Grandma’s Dark Holiday Fruitcake

If you don’t like fruitcake, you probably haven’t tried this one. It’s full of dates, raisins, and walnuts, with a small amount of other dried fruit. (No fake-colored fruit here.) This is the fruitcake my grandmother and then my mother made every Christmas. This recipe has been passed down and protected. My mother and I enjoy giving it away, but only to those friends we know will treasure it. The nutmeg-related spice, mace, is key here. (Mace is ground from the webbing that covers the outside of the nutmeg kernel.) Plan ahead to make this cake as it needs to cure for three to four weeks. My mother always made it a few days before Thanksgiving, and then she unveiled it on Christmas Eve.
Makes two 5-by-9-inch loaf cakes
For the fruit-and-nut overnight soak:
3 cups (454 g) raisins
3 cups (454 g) pitted dates, chopped into ½-inch pieces
3 cups (454 g) of other dried fruits, chopped into ½-inch pieces (any variety, such as Bing cherries, figs, pineapple, papaya, apricots, or currants)
2 cups (227 g) walnuts, chopped into ½-inch pieces
¼ cup (85 g) molasses
¼ cup (57 mL) red wine or port
For the fruitcake:
2 cups (260 g) all-purpose flour
1 teaspoon cinnamon
½ teaspoon ground cloves
½ teaspoon ground mace
½ teaspoon kosher salt
¼ teaspoon baking soda
1¼ cups (273 g) light or dark brown sugar
1 cup (2 sticks; 227 g) unsalted butter, room temperature, plus more for greasing
4 eggs, room temperature
½ cup (114 mL) red wine or port for post-bake soak, plus ¼ cup (57 mL) more for a second soak if desired

  1. To make the fruit-and-nut overnight soak, combine all the ingredients for the soak in a very large bowl and toss well. Cover with plastic wrap or a lid, and let the fruit mixture sit for 24 hours at room temperature, stirring twice.
  2. To make the fruitcake, preheat the oven to 275 degrees F (135 degrees C). Grease the loaf pans. Create two slings of parchment that extend over each long side of the pan and leave the ends uncovered. This allows you to remove the cake easily.
  3. Sift the flour, cinnamon, cloves, mace, salt, and baking soda in a medium bowl and set aside. In the bowl of a stand mixer fitted with the paddle attachment, cream the sugar and butter on medium speed until light and fluffy, about 5 minutes, scraping once. Add the eggs one at a time until combined, scraping the bowl after each addition. Add the dry ingredients all at once and mix on low speed until the flour is just combined. Scrape the bowl one more time and mix for another 10 to 15 seconds.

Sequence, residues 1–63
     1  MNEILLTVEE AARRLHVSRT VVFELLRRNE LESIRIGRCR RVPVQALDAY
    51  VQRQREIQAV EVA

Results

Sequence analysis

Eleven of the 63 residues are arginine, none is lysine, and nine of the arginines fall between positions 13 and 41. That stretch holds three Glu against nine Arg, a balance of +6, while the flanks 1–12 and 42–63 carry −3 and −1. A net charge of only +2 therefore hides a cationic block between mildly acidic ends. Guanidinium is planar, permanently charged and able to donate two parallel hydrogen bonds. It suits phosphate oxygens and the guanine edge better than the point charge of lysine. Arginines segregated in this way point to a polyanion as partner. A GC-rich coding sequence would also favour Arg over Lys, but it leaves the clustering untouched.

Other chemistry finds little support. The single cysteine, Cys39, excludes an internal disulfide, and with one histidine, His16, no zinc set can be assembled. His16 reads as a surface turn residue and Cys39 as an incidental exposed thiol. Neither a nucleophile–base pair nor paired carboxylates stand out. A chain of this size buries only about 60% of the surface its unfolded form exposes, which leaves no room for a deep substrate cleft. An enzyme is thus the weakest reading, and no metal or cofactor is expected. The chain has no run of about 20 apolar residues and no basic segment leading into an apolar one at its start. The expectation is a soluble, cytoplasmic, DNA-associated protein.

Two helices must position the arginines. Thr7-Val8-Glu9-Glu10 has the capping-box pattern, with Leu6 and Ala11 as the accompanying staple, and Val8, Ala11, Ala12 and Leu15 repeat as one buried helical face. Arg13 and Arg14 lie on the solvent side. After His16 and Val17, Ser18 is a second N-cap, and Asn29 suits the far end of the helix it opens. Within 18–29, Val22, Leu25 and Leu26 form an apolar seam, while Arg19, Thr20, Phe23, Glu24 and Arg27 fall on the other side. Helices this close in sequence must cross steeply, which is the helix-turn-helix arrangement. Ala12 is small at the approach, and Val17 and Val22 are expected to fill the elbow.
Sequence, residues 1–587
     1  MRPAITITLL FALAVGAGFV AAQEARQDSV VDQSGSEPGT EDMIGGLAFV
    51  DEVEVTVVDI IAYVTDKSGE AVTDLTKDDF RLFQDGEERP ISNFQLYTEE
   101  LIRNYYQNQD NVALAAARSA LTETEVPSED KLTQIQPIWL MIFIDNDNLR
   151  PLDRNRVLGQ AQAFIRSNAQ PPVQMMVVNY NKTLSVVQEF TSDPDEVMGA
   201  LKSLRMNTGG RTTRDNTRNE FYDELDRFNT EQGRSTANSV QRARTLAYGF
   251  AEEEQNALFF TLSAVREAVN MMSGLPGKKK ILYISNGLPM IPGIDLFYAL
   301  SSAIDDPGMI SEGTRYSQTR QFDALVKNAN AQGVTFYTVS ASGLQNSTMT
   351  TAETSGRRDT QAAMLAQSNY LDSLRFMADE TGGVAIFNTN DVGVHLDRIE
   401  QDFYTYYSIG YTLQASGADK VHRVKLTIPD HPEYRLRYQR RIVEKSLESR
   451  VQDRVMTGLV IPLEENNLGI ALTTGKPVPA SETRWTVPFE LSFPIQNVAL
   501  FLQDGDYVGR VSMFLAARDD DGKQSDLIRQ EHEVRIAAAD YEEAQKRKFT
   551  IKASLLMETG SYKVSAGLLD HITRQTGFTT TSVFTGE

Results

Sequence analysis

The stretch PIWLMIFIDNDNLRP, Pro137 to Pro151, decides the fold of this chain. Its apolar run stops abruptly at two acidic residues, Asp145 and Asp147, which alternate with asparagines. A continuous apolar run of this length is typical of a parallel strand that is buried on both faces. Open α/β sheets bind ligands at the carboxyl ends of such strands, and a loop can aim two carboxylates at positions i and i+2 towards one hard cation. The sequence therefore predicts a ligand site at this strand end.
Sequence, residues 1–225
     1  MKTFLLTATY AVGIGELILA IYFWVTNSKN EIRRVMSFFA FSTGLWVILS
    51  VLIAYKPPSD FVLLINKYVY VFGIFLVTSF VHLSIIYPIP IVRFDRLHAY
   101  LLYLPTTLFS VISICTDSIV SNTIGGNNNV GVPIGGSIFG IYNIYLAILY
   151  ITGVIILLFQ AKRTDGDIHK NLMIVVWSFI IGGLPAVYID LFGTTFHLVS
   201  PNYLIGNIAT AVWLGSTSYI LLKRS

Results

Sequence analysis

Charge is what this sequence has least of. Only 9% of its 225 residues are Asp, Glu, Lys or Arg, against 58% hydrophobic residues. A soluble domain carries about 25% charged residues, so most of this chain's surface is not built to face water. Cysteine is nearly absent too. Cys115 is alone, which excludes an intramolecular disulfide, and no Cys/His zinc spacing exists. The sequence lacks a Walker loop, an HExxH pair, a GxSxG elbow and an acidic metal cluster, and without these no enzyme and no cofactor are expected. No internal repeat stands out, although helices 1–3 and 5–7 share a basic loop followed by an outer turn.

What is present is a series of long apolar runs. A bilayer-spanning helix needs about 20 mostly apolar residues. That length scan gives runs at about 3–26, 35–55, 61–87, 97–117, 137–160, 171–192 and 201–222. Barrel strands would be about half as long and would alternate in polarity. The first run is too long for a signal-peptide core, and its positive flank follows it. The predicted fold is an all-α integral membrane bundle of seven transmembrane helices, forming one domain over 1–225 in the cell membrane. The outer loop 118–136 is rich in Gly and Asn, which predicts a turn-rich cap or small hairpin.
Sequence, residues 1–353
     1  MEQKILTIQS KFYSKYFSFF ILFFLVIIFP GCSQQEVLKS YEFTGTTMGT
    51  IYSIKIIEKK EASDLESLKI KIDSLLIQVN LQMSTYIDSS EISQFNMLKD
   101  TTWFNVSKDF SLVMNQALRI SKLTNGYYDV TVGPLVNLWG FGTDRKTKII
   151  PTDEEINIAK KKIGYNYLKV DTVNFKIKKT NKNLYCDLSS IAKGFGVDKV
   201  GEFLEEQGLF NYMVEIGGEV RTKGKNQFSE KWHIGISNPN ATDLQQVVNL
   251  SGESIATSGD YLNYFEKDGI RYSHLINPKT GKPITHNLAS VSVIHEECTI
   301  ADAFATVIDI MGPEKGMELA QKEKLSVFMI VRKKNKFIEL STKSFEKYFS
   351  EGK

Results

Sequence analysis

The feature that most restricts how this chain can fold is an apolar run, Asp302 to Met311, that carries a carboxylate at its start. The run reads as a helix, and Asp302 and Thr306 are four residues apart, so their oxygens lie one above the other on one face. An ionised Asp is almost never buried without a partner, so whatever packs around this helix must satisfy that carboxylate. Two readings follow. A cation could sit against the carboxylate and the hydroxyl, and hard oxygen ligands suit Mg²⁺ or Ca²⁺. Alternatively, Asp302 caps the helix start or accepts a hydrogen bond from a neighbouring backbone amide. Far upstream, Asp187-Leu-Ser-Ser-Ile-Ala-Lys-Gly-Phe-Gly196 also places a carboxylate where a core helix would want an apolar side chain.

4. Add the cake batter to the fruit mixture and stir together until combined. I use my hands to mix it because it is stiff.
  5. Divide the cake batter among the pans, leveling the batter. Bake for 2 to 2 hours and 15 minutes, or until a toothpick inserted in the center comes out clean. Cool until slightly warm. Remove the cakes from the pans, and place each on cheesecloth folded two-ply. Poke holes in the top of the cakes with a skewer or thermometer probe, and pour the ½ cup (114 mL) wine or port over the two cakes. Wrap the cake in the cheesecloth and then tightly in foil, and place it in a cool, dry place for 3 to 4 weeks. (Optional: Resoak the cake with another ¼ cup (57 mL) port or wine after 1 week and rewrap.)
  6. Once the cake has cured, keep it at room temperature for a few weeks or freeze it. I always keep it frozen because it’s easy to cut. Just wait for it to come to room temperature before serving. This fruitcake will keep for several months in the freezer

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